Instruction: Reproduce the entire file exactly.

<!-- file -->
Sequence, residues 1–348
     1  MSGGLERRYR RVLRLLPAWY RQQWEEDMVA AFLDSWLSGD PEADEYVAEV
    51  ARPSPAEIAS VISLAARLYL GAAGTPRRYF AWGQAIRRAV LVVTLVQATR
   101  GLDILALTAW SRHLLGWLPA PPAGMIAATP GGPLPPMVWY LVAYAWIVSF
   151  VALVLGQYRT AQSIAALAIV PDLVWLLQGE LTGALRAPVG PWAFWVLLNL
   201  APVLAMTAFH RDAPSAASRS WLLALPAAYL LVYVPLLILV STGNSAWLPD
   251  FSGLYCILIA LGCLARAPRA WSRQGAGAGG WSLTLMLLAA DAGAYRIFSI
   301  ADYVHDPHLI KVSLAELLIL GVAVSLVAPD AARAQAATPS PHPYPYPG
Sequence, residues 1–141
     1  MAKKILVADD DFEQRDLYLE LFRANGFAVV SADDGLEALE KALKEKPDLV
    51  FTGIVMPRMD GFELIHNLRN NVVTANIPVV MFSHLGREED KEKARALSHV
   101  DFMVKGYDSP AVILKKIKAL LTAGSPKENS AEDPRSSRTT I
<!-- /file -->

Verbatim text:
Sequence, residues 1–348
     1  MSGGLERRYR RVLRLLPAWY RQQWEEDMVA AFLDSWLSGD PEADEYVAEV
    51  ARPSPAEIAS VISLAARLYL GAAGTPRRYF AWGQAIRRAV LVVTLVQATR
   101  GLDILALTAW SRHLLGWLPA PPAGMIAATP GGPLPPMVWY LVAYAWIVSF
   151  VALVLGQYRT AQSIAALAIV PDLVWLLQGE LTGALRAPVG PWAFWVLLNL
   201  APVLAMTAFH RDAPSAASRS WLLALPAAYL LVYVPLLILV STGNSAWLPD
   251  FSGLYCILIA LGCLARAPRA WSRQGAGAGG WSLTLMLLAA DAGAYRIFSI
   301  ADYVHDPHLI KVSLAELLIL GVAVSLVAPD AARAQAATPS PHPYPYPG
Sequence, residues 1–141
     1  MAKKILVADD DFEQRDLYLE LFRANGFAVV SADDGLEALE KALKEKPDLV
    51  FTGIVMPRMD GFELIHNLRN NVVTANIPVV MFSHLGREED KEKARALSHV
   101  DFMVKGYDSP AVILKKIKAL LTAGSPKENS AEDPRSSRTT I